Al Agouza, Cairo, PO, Egypt
The primordial germ cells are first found at the 24th day near the allantois. The germ cells proliferate and migrate to reach the genital ridge, which by the fifth week becomes elevated and thickened. Sex differentiation becomes visible early in the eighth week. Proliferation of oogonia (germ cells) by mitosis continues until approximately the 15th week. By the fourth month, primary follicles appear. In the meantime, the ovary has become recognizable as a discrete organ that “descends” to the level of the pelvic brim and undergoes lateral rotation (Fig. 14.1).
Surgical anatomy of ovary
Gross Anatomy and Relations
The ovaries are ovoid in shape and measure approximately 1.5–3 cm × 1.5–3 cm × 1–2 cm (length × width × thickness) and weigh 2–8 g in adult. The mean volume was 1.06 cm3 (range, 0.7–3.6 cm3) among girls up to 3 months old, 1.05 cm3 (range, 0.2–2.7 cm3) among girls 4–12 months old, and 0.67 cm3 (range, 0.1–1.7 cm3) among girls 13–24 months old. They double in size in pregnancy . The suspensory ligament of the ovary is a peritoneal fold, runs from the side wall of the pelvis to the ovary. The ovarian vessels run in this, crossing over the external iliac vessels. Each ovary is attached to the back of the broad ligament by the mesovarium, which is continuous with its outer coat. A fourth attachment, the ovarian ligament, is a continuation of the round ligament and attaches the ovary to the side of the uterus. Despite all its attachments, the ovary is very mobile, is frequently found behind the uterus in the pouch of Douglas, and has a variable relationship with the uterus:
Anteflexed uterus, lateral or posterolateral
Retroflexed uterus, superolateral
Ovarian anomalies other than the streak ovaries of gonadal dysgenesis are quite rare. Complete absence of an ovary is extremely rare and is usually associated with renal agenesis and absence of the ipsilateral fallopian tube. True ovarian duplication is rarely reported; it occurs in conjunction with duplication of genital ridge and a duplicated Müllerian duct. Excess ovarian tissue near the normal ovarian tissue which has developed from it (and may be connected with it) is classified as an accessory ovary. Lobulation of an ovary is not infrequent and is of little clinical importance. Supernumerary ovaries or the presence of ovarian tissue not connected to the tubes or uterus is very unusual.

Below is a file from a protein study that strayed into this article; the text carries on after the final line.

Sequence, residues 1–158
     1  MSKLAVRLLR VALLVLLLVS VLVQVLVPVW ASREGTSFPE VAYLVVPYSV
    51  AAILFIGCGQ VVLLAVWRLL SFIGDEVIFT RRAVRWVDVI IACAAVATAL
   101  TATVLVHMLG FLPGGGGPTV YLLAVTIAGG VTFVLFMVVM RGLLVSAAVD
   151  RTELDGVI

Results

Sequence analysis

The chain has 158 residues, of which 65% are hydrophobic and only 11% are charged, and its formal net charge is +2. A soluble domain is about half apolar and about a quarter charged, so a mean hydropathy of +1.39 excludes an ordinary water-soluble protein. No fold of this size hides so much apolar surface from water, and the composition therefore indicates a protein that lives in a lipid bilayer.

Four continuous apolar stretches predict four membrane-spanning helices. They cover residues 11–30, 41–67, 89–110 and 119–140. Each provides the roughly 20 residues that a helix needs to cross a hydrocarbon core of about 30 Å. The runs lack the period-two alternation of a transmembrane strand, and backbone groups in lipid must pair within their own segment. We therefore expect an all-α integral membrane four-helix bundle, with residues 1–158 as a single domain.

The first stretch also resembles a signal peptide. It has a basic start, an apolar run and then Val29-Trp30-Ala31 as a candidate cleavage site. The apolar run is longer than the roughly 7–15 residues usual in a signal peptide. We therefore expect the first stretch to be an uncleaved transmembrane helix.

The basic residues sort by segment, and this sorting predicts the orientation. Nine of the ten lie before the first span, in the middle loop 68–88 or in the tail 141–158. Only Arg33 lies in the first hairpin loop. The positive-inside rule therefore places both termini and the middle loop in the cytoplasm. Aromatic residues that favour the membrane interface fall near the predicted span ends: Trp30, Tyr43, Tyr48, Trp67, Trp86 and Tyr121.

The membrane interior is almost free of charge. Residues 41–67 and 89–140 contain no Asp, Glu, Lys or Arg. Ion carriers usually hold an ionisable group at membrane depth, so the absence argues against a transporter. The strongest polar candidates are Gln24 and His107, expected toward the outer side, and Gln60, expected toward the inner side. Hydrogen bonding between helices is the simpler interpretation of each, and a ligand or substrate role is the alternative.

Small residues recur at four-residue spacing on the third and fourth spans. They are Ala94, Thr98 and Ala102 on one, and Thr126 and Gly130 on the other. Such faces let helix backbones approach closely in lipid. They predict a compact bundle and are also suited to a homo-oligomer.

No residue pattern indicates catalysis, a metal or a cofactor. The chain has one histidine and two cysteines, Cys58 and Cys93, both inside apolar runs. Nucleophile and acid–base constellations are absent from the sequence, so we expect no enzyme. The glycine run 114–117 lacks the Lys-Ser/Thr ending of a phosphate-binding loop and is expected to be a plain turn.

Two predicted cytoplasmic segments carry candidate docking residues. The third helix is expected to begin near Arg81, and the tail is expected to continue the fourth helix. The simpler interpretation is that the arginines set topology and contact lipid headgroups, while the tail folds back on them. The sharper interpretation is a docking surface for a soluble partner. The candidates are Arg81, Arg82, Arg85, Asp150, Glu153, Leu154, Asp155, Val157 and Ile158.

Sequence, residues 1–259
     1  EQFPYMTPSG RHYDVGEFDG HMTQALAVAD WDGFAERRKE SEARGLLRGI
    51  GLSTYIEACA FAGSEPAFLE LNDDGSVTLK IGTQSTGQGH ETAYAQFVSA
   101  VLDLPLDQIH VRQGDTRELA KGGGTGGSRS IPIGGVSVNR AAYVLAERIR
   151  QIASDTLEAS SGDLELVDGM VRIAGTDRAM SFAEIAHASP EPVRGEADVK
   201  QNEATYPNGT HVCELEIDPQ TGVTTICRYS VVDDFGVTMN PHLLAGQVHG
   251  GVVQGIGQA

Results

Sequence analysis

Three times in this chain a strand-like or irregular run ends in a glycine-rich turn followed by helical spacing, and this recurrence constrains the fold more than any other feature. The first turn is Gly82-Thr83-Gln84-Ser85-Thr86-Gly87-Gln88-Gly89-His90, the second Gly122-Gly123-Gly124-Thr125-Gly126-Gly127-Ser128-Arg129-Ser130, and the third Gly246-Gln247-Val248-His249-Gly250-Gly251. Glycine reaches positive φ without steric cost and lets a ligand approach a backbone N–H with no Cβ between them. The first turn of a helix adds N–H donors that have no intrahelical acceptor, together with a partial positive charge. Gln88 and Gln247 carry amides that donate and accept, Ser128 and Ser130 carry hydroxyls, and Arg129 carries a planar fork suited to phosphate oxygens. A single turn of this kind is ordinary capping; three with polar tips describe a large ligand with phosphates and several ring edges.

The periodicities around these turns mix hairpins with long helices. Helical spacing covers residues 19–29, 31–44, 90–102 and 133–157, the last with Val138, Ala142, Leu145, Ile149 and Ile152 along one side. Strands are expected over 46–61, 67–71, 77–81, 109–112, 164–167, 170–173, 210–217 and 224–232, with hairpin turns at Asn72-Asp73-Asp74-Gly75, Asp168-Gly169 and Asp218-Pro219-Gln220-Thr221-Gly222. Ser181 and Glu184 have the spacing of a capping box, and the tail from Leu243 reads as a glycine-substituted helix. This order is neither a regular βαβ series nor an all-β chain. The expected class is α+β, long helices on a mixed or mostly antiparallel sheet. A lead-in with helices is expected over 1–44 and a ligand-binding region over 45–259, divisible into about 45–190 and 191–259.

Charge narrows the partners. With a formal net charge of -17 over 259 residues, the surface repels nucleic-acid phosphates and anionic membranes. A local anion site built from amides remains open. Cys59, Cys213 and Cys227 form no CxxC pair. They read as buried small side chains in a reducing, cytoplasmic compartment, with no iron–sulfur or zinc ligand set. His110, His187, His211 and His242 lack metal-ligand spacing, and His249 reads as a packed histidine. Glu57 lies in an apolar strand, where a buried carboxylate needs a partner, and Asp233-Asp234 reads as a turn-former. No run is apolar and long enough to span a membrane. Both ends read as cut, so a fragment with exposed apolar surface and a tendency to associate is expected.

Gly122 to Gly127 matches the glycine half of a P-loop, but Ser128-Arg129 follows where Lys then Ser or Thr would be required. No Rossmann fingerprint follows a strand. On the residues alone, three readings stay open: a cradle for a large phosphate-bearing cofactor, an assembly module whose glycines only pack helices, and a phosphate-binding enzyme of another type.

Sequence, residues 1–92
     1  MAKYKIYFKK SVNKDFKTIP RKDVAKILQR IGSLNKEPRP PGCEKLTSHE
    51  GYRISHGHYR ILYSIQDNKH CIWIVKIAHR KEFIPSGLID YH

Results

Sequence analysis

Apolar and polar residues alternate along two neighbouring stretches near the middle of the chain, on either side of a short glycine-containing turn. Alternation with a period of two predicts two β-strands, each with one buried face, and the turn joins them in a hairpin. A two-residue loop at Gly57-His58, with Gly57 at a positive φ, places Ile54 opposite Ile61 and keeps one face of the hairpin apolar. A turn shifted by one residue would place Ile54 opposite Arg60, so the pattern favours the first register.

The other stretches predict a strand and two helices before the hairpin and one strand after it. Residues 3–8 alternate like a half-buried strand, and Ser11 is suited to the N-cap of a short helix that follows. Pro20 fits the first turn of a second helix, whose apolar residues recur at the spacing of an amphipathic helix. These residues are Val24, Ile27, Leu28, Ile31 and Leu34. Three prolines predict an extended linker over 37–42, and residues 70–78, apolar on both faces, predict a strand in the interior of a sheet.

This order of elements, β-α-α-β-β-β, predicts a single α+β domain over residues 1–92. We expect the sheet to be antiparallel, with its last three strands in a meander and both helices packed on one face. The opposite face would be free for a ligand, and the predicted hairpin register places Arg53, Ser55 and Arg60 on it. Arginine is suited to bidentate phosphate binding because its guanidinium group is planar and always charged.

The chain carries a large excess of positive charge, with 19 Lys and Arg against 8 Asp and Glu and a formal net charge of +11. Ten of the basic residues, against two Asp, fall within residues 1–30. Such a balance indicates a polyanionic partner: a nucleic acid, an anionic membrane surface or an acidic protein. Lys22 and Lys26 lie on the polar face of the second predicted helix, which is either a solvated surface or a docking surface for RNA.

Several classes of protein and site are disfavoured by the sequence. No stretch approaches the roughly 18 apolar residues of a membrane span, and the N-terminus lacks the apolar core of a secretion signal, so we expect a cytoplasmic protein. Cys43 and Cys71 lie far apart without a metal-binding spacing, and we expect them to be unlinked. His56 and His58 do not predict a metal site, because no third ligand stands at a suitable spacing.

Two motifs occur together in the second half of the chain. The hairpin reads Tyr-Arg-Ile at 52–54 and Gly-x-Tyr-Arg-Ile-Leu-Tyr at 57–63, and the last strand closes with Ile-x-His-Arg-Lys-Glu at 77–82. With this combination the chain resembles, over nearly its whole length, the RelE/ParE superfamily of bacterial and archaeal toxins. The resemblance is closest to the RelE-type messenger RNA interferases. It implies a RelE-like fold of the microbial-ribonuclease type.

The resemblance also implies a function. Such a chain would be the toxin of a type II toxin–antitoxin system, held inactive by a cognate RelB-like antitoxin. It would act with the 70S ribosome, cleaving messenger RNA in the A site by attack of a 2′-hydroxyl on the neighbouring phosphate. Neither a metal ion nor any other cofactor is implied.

14.1 Ovarian Agenesis
Congenital aplastic ovary
In ovarian agenesis one or both ovaries are absent and usually accompanies defects of the tubular reproductive organs. Unilateral ovarian agenesis (UOA) and fallopian descent problems are very rare congenital defects.
Confusion exists concerning the terms “agenesis” and “dysgenesis,” and many of the reports in the early literature undoubtedly were examples of streak gonads rather than true agenesis .
Rarely, one ovary may be absent in an otherwise normal girl; however, unilateral ovarian agenesis is being recognized with increasing frequency in adult females when sexual infantilism calls attention to the related gonadal deficiency; this diagnosis has seldom been made in children before the age of puberty, also few cases had been reported with congenitally absent vagina .
In some cases, 46,XY gonadal agenesis and 46,XY gonadal dysgenesis may have a common origin, referred to as embryonic testicular regression sequence. Mutations in the gene LHX9, whose murine ortholog causes isolated gonadal agenesis when inactivated, might be responsible for gonadal dysgenesis and agenesis in humans .
However, most reported cases of absent ovaries are probably due to antenatal torsion of an otherwise normal fallopian tube and ovary with necrosis and resorption of the adnexal structures.
Unknown environmental factors or genetic predisposition could contribute to this kind of anomaly .
Associated findings include agenesis or malformation of the ipsilateral fallopian tube, uterus, round ligament, kidney, and ureter, alone or in combination. Short stature, multiple congenital abnormalities, and high urinary gonadotropins in a young girl should raise the suspicion of absent ovaries.
In most cases diagnosed after confusion with cases of ovarian dysgenesis or incidentally during routine ultrasound examination for other problems, accurate diagnosis of ovarian aplasia requires a detailed chromosomal analysis, hormonal assay, and MRI examination, and sometimes laparoscopic confirmation is indicated.